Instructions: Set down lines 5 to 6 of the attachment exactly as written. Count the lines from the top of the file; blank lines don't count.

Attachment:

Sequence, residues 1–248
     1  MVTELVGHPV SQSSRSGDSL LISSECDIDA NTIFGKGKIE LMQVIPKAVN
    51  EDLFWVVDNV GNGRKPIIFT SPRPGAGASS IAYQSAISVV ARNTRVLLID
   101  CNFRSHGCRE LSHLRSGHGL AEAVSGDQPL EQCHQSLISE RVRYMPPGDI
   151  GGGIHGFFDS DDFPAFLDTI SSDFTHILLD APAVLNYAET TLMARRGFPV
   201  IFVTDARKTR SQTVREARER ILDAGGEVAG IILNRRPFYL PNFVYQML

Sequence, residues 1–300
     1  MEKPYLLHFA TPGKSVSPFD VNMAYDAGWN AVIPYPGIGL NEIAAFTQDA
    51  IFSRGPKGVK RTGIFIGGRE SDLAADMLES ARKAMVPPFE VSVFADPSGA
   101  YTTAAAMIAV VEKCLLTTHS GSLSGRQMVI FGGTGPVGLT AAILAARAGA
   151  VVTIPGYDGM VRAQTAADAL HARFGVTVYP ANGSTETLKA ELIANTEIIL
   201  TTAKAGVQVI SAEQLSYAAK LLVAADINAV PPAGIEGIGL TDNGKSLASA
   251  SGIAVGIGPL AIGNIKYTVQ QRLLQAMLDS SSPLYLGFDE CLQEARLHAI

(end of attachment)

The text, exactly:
   151  GGGIHGFFDS DDFPAFLDTI SSDFTHILLD APAVLNYAET TLMARRGFPV
   201  IFVTDARKTR SQTVREARER ILDAGGEVAG IILNRRPFYL PNFVYQML